-St. John Cassian (1)
HOW OFTEN have we fired harsh words or over-reacted to the smallest provocation, much to our own embarrassment and surprise?
Looking back, we'll find that the reaction was based on something that was festering inside for a long time. St. John invites us to periodically reflect, identify anger and address it while it's small.
No matter what provokes it, anger blinds the soul's eyes...Leaves, whether of gold or lead, placed over the eyes, obstruct the sight equally, for the value of the gold does not affect the blindness it produces. Similarly, anger, whether reasonable or unreasonable, obstructs our spiritual vision (2).
Understandably, some may consider this to take the point too far.
Essentially, his thesis may be taken as this: anger -- in and of itself -- is ultimately a bad thing and cannot be justified. I am not so sure that's exactly what he's saying. He seems to be referring to a blinding rage that may in some some way have a rational basis, but clouds reasoning, so that the outcome is ultimately negative. At the very least I think we can agree that, when we are blind and overwhelmed by rage, it's very hard to address a situation properly or even to see it properly in the first place.
I can be right and still play the fool.
In this vein, Seneca the Younger, writing to his buddy Novatus, notes,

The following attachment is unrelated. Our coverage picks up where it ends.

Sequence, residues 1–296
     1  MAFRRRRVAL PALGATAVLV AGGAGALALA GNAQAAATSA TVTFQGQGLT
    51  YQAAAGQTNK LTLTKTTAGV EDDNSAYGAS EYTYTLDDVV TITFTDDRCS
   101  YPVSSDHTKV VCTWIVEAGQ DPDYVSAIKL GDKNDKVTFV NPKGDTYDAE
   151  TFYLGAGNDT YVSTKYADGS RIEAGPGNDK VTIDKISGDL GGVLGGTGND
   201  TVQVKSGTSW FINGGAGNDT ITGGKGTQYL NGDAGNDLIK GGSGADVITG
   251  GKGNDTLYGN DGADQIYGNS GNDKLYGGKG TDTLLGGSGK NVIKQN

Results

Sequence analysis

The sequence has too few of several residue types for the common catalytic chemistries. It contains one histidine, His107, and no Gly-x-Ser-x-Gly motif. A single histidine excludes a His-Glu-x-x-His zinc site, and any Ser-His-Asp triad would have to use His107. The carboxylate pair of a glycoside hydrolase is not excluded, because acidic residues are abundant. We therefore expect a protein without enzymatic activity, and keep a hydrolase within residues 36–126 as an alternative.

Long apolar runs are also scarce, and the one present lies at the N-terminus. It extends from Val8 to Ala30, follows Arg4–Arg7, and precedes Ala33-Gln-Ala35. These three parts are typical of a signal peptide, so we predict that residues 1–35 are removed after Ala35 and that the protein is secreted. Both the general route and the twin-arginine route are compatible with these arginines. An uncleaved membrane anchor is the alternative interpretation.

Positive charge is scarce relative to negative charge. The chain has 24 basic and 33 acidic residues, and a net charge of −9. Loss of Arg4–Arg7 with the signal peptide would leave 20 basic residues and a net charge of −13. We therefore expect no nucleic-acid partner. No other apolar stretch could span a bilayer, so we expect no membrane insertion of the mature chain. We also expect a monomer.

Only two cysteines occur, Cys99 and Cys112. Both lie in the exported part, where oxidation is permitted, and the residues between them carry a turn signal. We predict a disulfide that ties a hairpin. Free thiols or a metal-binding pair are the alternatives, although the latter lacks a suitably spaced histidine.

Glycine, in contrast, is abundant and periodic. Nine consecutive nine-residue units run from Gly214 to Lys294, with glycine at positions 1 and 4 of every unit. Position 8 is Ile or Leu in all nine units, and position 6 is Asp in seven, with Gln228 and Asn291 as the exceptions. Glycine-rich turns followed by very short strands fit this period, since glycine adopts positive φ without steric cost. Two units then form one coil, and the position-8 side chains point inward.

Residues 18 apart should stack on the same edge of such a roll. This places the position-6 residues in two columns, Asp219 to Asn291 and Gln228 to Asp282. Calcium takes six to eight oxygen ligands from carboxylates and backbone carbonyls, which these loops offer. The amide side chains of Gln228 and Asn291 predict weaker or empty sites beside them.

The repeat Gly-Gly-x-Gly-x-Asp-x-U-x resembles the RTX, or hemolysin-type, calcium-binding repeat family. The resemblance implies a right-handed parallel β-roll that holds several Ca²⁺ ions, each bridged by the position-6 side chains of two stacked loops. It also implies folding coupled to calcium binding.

Anger is a short madness: for it is equally devoid of self control, regardless of decorum, forgetful of kinship, obstinately engrossed in whatever it begins to do, deaf to reason and advice, excited by trifling causes, awkward at perceiving what is true and just, and very like a falling rock which breaks itself to pieces upon the very thing which it crushes. That you may know that they whom anger possesses are not sane, look at their appearance; for as there are distinct symptoms which mark madmen...(3)
|Jospehat Machuka was not pleased.|
Some think that the best course is to control anger, not to banish it...
In the first place, it is easier to exclude harmful passions than to rule them, and to deny them admittance than, after they have been admitted, to control them; for when they have established themselves in possession, they are stronger than their ruler and do not permit themselves to be restrained or reduced.
In the second place, [once reason] mingles with [the passions] and is contaminated, she becomes unable to hold back those [passions] she might have cleared from her path. For when once the mind has been aroused and shaken, it becomes the slave of the disturbing agent. (4)Again, some may take this as wimpy talk. To me, it's utterly practical. In theory, anger may be "leveraged" for good. But, in real life, it is best to make an emotional habit of keeping anger at bay, so to speak. In a given circumstance, we'll probably find other, less dangerous tools at our disposal.
(1) Philokalia, On Anger
(2) Philokalia, On Anger
(3) Letter to Novatus on Anger, Book I, Ch. 1
(4) Ibid., Book I, Ch. 7